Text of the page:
U.S. Senator Joe Manchin (D-WV) has introduced the Clean Start Act. As the name implies, it will give a second chance to recovering addicts who have a criminal record for nonviolent federal offenses. This legislation will give them a chance to build themselves up in their new lifestyle without being held back by their past record.
Goal to Stop Cycle of Addiction
Senator Manchin observed recently that a number of employers are reluctant to hire candidates who have a criminal record, no matter how long ago the original offense may have taken place. This barrier to being able to obtain gainful employment contributes to a cycle of addiction and return to imprisonment that is difficult to stop. The proposed legislation will allow recovering addicts to have a chance to wipe the slate clean and become part of the community again.
“I have seen firsthand the devastating effects of opioid abuse on individuals, families, and communities in my state and around the country. As a direct result of their addiction, many otherwise law-abiding persons have committed nonviolent crimes that result in felony or misdemeanor convictions. Since many employers are unlikely to even consider a job applicant with a criminal record, the impact of a past conviction weighs upon these former addicts long after they have served their time. This all-too-common barrier to employment contributes to the continuing cycle of addiction and incarceration that has been so hard to break. This legislation will give people who wish to reform their lives a clean start and a chance to rejoin their communities,” commented Senator Manchin.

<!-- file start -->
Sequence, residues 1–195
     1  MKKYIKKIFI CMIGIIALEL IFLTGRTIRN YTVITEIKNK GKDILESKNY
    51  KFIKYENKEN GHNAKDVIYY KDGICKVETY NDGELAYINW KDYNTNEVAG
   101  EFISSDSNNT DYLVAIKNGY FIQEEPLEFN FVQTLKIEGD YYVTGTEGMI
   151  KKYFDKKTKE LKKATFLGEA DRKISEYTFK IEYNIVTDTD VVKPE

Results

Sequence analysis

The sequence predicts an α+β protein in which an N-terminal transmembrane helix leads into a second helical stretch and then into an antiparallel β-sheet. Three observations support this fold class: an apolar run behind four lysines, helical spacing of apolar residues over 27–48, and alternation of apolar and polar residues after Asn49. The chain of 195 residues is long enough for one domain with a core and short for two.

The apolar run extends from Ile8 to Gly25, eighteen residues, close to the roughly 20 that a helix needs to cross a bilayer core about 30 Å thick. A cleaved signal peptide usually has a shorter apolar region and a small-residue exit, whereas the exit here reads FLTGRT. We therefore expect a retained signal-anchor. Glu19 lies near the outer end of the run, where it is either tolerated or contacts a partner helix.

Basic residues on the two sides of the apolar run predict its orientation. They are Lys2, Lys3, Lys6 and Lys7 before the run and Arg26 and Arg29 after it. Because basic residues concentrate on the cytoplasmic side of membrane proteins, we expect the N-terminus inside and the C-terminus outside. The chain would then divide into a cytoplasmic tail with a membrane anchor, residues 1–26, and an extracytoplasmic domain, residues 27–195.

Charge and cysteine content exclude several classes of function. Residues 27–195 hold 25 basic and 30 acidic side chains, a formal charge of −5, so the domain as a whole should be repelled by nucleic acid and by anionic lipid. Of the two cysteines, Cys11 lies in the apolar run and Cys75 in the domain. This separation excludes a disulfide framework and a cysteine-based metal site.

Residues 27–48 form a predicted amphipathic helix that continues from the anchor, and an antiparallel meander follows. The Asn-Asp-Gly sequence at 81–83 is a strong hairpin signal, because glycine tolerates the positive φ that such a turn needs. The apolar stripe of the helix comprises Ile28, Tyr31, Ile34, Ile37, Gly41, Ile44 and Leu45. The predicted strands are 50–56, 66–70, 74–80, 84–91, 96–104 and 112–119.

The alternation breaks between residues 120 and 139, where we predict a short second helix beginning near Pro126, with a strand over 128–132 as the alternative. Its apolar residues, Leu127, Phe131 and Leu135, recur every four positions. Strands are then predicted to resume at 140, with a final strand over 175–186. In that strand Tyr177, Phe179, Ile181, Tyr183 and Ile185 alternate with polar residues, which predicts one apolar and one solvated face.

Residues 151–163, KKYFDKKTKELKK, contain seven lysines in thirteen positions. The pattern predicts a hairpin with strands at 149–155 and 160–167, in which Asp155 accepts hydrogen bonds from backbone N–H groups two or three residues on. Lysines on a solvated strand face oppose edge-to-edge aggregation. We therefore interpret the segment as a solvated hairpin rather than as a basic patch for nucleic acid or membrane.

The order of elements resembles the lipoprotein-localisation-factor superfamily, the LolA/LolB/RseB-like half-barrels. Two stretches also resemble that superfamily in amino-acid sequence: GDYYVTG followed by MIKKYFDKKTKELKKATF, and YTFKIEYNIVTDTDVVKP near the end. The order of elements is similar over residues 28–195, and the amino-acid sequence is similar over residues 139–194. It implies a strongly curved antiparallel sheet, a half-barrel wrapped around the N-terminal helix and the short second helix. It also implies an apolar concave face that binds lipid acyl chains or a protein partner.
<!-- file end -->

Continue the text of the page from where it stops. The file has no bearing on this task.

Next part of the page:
How Clean Start Act Will Work
Under the Clean Start Act, people with either a federal misdemeanor or a felony conviction for a nonviolent crime, which was committed as the result of drug addiction, may be able to have their record sealed. The person will be able to petition a federal court to make a request to seal the record after meeting two conditions:
• Completing a 12-month substance abuse program or a recovery support program. It must be licensed or certified by either a national or State accreditation body.
• Serves as a drug addiction recovery mentor for a six-month period. If this is not possible (and will only apply in a limited number of cases), the person will be required to provide six months of volunteer service instead.
Under the bill, a person will only be able to make one petition to the court to have their record sealed. The court will consider all relevant information in making a decision, including submissions from the original prosecutor. Only those convicted of nonviolent crimes would be eligible to participate. Anyone convicted of a crime against children or sex offenders are specifically excluded.
Given the scope of the substance abuse problem in America, advocates like this for people in recovery to be able to move on with their lives without a scarlet letter are sorely needed. Sometimes, it only takes having a loved one go through recovery for someone to step up and be a champion.